Roads engineers can stretch limited budgets and still meet road users’ needs with the Roadmaster machine, which can safely place a 10-ton load of high quality material in a day
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The year 1996 was full of hope and optimism. The new digital Motorola 7500 mobile had replaced the analogue NEC P800. Dial-up broadband was available – if you were patient and could afford a modem. Potholes were being filled using a shovel, a splash of tar and a generous helping of that same optimism!

Archway Products was starting to develop a new automated machine, aimed at finding a solution to that perennial pothole problem. It was called the Roadmaster.

Having been involved in development and use of road-repair machinery for over 20 years, Archway Products Ltd has been central to the evolution of road-repair techniques. This has led to the now widespread use of spray-injection patching. From an early focus on pothole repair, the science has now moved firmly to pothole prevention.

It has long been accepted that prevention is always better than cure and ,as the means to achieve that objective became available, many local authorities have grasped the opportunity and are reaping the benefits.

Sales of the equipment have rocketed, with the process now in widespread use throughout Ireland and Britain. A policy of continuous development, and of listening to customers’ needs, has led to a combination of technology in the form of the Roadmaster Spray-Injection Patcher.

The roadmaster with extended boom

The roadmaster with extended boom

Many changes have taken place since the inception of the process in the 1980s, when the ambition was to successfully fill a pothole (and workers were often asked to only fill the big ones, such was the condition of the roads). Repairs were largely reactive and life expectancy of the repair was low – as was the life expectancy of many of the vehicles using those roads.

Investment during the Celtic Tiger era


The Celtic Tiger years changed all that. Frequent application of surface dressing led to a vast improvement in road conditions in the years up to 2010. The accumulated benefits even lingered on for a few more years, until eventually the cracks started to appear again.

However, this time around, many authorities recognised that the Tiger was not coming back any time soon and began to take a proactive approach to road repair.

It was recognised that early intervention before the cracked surface broke up would pay dividends, and so preventive maintenance came into its own. With limited resources at their disposal, engineers focused on selective repairs and reinforcing weak sections of road.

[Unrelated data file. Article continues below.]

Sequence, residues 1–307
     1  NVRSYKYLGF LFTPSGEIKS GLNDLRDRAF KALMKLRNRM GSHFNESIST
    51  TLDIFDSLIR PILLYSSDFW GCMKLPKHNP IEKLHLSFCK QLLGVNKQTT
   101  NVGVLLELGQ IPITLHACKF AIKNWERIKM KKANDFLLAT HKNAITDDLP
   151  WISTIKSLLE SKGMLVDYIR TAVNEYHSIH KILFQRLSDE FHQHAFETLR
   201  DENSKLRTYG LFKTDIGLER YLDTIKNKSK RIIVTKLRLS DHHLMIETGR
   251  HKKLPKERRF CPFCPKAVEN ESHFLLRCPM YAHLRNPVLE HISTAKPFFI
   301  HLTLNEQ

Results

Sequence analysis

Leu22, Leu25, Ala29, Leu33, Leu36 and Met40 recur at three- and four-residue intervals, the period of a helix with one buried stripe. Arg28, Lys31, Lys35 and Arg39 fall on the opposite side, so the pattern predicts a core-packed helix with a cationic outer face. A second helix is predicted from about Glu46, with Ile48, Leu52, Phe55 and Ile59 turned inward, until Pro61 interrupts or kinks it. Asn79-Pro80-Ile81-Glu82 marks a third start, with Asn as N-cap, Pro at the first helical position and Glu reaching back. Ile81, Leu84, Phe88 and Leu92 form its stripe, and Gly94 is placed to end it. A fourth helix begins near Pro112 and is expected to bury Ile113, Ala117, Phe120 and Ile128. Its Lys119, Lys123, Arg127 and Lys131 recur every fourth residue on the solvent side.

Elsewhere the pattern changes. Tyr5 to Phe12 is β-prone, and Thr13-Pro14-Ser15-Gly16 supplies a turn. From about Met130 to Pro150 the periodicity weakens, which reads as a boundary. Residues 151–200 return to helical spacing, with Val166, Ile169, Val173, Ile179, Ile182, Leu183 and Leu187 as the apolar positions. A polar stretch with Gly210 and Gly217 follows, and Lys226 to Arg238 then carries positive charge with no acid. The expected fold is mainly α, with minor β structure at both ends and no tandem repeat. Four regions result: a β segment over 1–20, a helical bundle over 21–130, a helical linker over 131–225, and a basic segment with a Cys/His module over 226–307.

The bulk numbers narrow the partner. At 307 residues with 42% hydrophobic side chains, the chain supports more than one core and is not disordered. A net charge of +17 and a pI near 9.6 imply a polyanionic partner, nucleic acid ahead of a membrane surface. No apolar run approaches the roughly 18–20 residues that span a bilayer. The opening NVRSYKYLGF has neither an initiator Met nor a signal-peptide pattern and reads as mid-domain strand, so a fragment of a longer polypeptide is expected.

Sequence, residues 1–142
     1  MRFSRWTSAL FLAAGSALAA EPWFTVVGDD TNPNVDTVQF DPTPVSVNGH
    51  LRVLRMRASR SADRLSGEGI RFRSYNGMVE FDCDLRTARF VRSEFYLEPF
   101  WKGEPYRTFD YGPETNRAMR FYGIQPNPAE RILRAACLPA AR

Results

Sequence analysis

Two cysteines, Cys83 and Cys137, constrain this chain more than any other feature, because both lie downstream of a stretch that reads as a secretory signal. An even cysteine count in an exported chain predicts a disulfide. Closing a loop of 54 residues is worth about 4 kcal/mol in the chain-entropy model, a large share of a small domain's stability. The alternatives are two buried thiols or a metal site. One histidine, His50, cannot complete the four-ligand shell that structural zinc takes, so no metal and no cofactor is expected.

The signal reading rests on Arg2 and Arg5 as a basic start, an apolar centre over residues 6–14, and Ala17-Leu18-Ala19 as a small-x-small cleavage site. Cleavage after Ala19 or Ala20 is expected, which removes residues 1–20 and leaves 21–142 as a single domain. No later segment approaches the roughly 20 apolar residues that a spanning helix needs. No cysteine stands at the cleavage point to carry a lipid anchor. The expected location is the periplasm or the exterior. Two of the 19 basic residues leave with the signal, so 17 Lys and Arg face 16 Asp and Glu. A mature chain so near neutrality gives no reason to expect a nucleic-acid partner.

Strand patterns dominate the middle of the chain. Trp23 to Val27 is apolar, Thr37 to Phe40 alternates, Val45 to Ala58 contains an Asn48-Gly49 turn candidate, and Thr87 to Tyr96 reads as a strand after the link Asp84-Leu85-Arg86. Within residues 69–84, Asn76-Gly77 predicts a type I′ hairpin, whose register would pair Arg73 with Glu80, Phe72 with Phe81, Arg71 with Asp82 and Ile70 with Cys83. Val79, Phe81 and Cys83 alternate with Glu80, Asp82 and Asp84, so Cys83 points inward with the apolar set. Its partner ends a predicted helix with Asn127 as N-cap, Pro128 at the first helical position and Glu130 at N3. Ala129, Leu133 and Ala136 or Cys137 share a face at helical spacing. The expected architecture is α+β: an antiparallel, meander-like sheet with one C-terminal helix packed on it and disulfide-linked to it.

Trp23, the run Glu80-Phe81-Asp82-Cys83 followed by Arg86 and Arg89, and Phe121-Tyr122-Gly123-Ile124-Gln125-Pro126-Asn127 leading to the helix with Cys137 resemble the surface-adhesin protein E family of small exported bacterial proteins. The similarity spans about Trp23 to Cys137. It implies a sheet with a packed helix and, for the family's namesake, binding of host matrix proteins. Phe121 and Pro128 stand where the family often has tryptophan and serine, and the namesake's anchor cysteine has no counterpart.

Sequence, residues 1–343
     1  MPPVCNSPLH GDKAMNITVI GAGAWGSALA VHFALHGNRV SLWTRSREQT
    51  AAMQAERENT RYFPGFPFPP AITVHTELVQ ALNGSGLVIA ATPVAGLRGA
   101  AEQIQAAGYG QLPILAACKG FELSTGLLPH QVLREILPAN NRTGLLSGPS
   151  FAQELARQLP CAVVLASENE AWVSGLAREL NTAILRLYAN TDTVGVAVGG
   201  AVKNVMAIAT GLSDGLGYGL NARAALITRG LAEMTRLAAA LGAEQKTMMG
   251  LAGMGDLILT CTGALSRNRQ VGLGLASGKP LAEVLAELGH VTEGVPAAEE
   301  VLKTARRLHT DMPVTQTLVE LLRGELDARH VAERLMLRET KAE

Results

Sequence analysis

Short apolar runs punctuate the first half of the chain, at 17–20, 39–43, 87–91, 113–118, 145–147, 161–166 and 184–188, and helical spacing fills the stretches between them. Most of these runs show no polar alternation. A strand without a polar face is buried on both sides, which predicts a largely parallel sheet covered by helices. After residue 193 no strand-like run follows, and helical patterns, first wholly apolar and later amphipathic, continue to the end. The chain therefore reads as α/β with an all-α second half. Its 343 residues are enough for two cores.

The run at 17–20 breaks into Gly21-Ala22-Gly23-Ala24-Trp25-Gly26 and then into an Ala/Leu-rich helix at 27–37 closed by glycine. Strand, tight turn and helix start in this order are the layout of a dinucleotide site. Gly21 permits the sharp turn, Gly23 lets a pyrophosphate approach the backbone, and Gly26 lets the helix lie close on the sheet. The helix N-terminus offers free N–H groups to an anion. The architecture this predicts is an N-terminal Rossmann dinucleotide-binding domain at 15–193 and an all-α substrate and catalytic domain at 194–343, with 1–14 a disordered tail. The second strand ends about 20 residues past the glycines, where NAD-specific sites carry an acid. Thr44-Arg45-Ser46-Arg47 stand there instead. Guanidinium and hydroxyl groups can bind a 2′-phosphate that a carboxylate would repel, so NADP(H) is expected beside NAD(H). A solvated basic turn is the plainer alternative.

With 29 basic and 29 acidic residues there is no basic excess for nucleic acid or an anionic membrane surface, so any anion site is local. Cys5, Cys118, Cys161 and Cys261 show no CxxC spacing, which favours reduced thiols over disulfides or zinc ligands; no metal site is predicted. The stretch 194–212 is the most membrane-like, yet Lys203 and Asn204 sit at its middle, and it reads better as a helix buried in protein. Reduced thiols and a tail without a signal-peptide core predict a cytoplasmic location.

Application of a 15mm spray patch to a weakened or cracked area could prolong the life of an otherwise perfectly good road for many years. Gone were the days of the ‘fill her up again’ pothole.

The Roadmaster with auto-fold boom

The Roadmaster with auto-fold boom

Today’s roads engineers still wrestle with limited resources and still face the age-old challenge of getting more from less. However, they now have a new and powerful ally to help them stretch that budget to satisfy the needs of an ever-more-demanding public. A single Roadmaster machine can place a 10-ton load of high quality material in a day, in the safest manner possible, and with very little inconvenience to the public. No other known method of road repair can achieve so much for so little cost.

Archway can be truly proud of having brought this level of innovation to the roads of Ireland and all eyes are now firmly focused on the international market. Good reason for further optimism!

See http://www.archwayproducts.com for more details on the range of road-repair machinery offered by Archway Products.

http://www.engineersjournal.ie/wp-content/uploads/2017/04/roadmaster-1024x580.jpghttp://www.engineersjournal.ie/wp-content/uploads/2017/04/roadmaster-300x300.jpgJames HarringtonSponsoredroads
The year 1996 was full of hope and optimism. The new digital Motorola 7500 mobile had replaced the analogue NEC P800. Dial-up broadband was available – if you were patient and could afford a modem. Potholes were being filled using a shovel, a splash of tar and a generous...